Killer Whales: Beneath the Surface

Natural World, 2013-2014 Episode 9 of 10

The killer whale was long feared as a sea monster until, in May 1964, one was brought into captivity for the first time. This spawned a journey of discovery into the killer whale's true nature.

It quickly became clear, these were not mindless killers - they were, in fact, highly intelligent social creatures. Today, our understanding is deepening still further and the latest revelations are among the most sensational - not only will these top predators 'adopt' and care for injured and abandoned orphans, but it seems there's no longer just the 'killer whale'.

Release date:

12 days left to watch

1 hour

Audio described

Last on

Wed 11 Nov 2015 00:45

Entering the Killer Whales’ Personal Space

Entering the Killer Whales’ Personal Space

By producer Bill Markham.

How to film a pod of Norwegian killer whales in action?

My first thought had been that the cameraman (and perhaps – at least to show willing – the producer) should snorkel with them. An interesting idea: these six-metre long, fast-moving, cooperative hunters are the ocean’s apex predator. And they are called killer whales after all. Fortunately the fact that they are so fast (cruising at around 11 knots and accelerating to three times that) had saved us from that decision… 

The second option had seemed eminently more sensible: to use a remote camera on the end of a pole (a “pole cam”) that could be dangled over the side of the boat. A Rigid Inflatable Boat, its sides a foot or so above the waterline – what could be safer?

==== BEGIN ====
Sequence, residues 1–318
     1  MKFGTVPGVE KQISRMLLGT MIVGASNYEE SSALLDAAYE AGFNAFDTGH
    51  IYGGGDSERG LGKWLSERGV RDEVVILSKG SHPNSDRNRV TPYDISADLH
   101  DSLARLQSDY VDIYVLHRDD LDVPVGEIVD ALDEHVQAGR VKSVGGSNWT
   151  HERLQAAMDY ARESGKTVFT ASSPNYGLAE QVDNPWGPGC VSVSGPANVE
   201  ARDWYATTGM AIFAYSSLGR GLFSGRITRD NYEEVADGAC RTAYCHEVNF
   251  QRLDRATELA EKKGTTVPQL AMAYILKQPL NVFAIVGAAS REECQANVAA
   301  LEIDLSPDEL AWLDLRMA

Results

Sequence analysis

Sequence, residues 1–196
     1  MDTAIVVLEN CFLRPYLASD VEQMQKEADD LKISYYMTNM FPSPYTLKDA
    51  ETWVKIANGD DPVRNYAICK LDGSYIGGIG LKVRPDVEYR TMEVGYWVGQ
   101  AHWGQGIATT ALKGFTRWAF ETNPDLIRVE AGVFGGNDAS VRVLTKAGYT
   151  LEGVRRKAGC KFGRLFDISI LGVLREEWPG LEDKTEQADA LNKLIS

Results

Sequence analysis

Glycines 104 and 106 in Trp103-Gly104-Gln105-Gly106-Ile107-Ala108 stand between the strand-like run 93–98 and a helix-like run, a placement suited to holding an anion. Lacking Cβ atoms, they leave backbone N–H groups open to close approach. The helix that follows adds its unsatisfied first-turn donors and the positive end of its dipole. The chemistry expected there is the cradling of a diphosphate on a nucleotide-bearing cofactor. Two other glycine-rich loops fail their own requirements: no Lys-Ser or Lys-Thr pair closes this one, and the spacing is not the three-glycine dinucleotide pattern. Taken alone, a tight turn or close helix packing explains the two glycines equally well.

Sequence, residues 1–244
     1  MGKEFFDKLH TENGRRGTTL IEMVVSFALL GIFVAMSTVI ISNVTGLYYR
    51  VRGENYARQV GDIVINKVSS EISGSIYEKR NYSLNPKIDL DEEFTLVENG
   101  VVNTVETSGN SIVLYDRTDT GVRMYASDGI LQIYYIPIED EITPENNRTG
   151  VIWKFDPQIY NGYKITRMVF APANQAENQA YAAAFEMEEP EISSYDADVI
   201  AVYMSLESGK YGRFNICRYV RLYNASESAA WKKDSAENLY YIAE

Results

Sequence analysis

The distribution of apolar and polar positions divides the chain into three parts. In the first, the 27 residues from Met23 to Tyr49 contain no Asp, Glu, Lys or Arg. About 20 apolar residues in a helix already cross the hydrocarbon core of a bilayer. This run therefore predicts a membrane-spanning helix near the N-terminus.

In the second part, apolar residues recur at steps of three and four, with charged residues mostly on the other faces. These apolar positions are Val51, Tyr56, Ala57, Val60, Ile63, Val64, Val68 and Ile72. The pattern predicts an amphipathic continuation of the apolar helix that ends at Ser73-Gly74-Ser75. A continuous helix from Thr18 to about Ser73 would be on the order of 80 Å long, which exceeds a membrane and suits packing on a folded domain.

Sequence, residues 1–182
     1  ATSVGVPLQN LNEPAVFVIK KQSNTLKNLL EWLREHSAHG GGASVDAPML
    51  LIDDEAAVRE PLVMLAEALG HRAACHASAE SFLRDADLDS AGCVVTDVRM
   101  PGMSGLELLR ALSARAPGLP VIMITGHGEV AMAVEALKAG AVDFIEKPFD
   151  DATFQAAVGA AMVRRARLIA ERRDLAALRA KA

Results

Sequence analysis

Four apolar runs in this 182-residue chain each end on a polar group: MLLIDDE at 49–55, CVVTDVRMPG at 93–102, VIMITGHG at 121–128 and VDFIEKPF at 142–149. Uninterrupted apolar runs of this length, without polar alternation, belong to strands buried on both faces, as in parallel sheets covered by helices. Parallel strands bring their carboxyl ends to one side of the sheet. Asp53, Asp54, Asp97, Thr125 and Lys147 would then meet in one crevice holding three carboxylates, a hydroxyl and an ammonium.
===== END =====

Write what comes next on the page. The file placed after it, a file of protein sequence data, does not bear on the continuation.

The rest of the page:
Despite the assurances of our expert, Heike, I can’t help but feel a little apprehensive as we head out into the fjord in search of a family of feeding killer whales.

“Pffffoooooo!” The explosive blow of a killer whale… followed by its black dorsal fin breaking the fjord’s glassy green surface. Soon more and more predators surface noisily around us, in glorious surround sound. While I’m fixated on their every move, the foraging killer whales appear totally uninterested in our presence.

All nervousness is forgotten. This is incredible, involving… a total thrill. Cameraman Scott Tibbles is getting some beautiful shots on the pole-cam.

Then a huge male appears right next to the boat, his dorsal fin five feet tall, his blast of misty breath spouting even higher. We’re so close that our boat takes us right into this drifting pocket of fog. I feel droplets on my face. I’ve been snotted on by a killer whale. And I think I rather like it.


Role Contributor
ProducerBill Markham
DirectorBill Markham
Executive ProducerChris Cole
Series ProducerRoger Webb
NarratorAlec Newman